My husband guts a house with a small group of young people and the homeowner, a Haitian woman in her forties. He reports heavy, dispiriting work, heat and high humidity, a FEMA-issued mask tight over nose and mouth. He hauls ruined clothes from bedroom to street, and at the back of a closet he comes upon a plastic zip-up bag protecting a long white dress. Mildew is already climbing the satin sleeves. Surely her wedding dress. He holds it out to her—formally, he says—and prepares for her tears. She laughs, “Oh, drag it on out, we’re divorced anyway.”

The pre-school teacher living with us has lost both house and car. Mid-fifties, underpaid, African American, separated from her husband. She borrows a car to visit her house and surprises her husband and his sister parked in the driveway. The FEMA appraiser arrives. The sister apparently had planned to impersonate our guest and make off with the assistance money. From a large collection of family photographs, our guest can save only three. Two sons and her younger self look out at me from a shelf in her room in our house. They smile.

Yes, my husband and I are generous, but that’s not unusual for those whose houses are dry. The destruction is right before our eyes. Good humans will always run to an injured child close enough to see. Some even dive, without thought, into dangerous water when a stranger’s car swerves off the highway. Good humans make soup, tend babies and children, donate money, offer sheets and blankets, bandages, showers and kitchens, arrange for rides, organize rooms as distribution centers for donated clothes and supplies.

And other good folk travel to help. Folks from New Orleans who stayed in someone’s home after Katrina are here to help gut the house that once took them in. Trained response teams have come: Nechama Jewish Response to Disaster, the Mormon Helping Hands—there are 6,000 of them—in their yellow shirts, Islamic Relief USA, many more. Other teams arrive, it seems, from everywhere. Yet they are far outnumbered by locals helping strangers and neighbors alike.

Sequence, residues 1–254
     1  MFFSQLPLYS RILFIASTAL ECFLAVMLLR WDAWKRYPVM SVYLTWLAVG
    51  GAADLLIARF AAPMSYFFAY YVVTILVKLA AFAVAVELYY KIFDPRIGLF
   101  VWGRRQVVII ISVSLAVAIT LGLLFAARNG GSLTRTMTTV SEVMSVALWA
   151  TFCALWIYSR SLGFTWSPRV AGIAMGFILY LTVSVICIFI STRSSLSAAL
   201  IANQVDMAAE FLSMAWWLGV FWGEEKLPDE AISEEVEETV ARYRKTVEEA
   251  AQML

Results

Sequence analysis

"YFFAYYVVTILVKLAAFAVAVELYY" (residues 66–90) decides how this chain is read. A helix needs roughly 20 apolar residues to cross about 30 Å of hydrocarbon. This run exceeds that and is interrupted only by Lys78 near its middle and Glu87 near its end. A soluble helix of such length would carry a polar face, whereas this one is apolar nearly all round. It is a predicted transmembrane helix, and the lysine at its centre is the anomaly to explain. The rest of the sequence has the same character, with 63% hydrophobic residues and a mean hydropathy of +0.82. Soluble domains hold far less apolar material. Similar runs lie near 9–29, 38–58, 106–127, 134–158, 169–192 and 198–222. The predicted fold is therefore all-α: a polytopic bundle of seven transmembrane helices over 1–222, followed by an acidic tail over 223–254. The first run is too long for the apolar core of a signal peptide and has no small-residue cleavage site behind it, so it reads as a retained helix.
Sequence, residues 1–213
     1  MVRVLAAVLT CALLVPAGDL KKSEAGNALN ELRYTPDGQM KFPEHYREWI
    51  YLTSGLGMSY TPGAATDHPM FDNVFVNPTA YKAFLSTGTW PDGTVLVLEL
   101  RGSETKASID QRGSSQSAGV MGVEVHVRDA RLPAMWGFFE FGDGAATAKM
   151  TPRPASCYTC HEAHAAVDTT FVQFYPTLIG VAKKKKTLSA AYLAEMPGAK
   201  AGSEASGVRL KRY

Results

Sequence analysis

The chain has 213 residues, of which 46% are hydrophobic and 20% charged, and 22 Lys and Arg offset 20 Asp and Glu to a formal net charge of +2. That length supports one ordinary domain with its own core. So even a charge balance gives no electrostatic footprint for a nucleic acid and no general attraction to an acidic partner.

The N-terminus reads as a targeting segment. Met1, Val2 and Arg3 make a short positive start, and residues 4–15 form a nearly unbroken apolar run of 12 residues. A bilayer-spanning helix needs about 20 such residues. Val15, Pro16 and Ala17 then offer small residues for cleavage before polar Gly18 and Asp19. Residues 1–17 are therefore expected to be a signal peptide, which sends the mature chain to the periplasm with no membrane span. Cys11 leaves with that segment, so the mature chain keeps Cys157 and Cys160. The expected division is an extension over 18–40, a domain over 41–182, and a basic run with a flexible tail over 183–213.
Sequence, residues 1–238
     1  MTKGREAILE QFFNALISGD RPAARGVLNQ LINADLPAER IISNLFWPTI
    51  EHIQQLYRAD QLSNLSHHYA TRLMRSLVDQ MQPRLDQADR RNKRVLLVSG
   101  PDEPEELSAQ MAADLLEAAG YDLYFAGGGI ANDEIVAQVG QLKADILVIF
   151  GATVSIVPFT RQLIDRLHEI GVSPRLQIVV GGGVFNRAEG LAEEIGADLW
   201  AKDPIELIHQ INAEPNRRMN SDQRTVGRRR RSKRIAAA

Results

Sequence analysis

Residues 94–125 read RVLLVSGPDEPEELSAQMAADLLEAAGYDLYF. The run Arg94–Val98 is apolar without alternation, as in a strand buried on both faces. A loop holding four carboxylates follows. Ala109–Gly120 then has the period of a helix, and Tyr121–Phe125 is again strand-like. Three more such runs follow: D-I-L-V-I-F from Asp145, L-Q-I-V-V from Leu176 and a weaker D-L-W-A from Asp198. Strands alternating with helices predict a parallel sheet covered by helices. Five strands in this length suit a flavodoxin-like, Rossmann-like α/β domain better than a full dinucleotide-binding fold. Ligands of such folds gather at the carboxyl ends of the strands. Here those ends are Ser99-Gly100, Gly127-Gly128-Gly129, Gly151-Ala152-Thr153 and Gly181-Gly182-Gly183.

Survivors jam into shelters and homes of friends and strangers, politicians scramble for aid, scientists presented graphs and records to communicate their amazement. 

I write these words nine weeks after the water crested. Sadly, I sense a weariness creeping into me and across the city. All that hard labor, and only a dent in what’s needed. Near-mania that ignited to meet a shared emergency begins to wane, and loss and grief to settle in. Survivors slowly realize that despite their working as hard as they possibly could, recovery is nowhere near. I hear of spats, some rather childish. Rebuilding will take years. Buying simple necessities like a stove, wallboard, clothes for even one season will take more money than many will ever have again. Some who worked for years to own a house will never own another one. Although the flood struck rich and poor alike, the old gap aches and silently reasserts itself, now wider than ever, separating those who can afford to rebound and those who cannot. For a few shining weeks racial, religious, economic, political differences didn’t matter. In hindsight, it will seem a holy time.

With the weariness, resentments return from events mere weeks before the flood, the deaths and violence, broken trust, demands for vengeance on all sides. The floodwaters, we find, were tinged with blood. Our city is faced with a graver, more difficult work than overcoming destruction by flood. How did we rush to help anyone who needed it? How do we rouse that commitment to the common good? Our united generosity? The Old Testament dream that justice will roll down like waters? Why is it we no longer see the wronged and the wounded who are right before our eyes?

Ava Leavell Haymon is the 2013–2015 Poet Laureate of Louisiana. She is the author of four collections of poetry, including Eldest Daughter, Why the House Is Made of Gingerbread, Kitchen Heat and The Strict Economy of Fire, along with five chapbooks.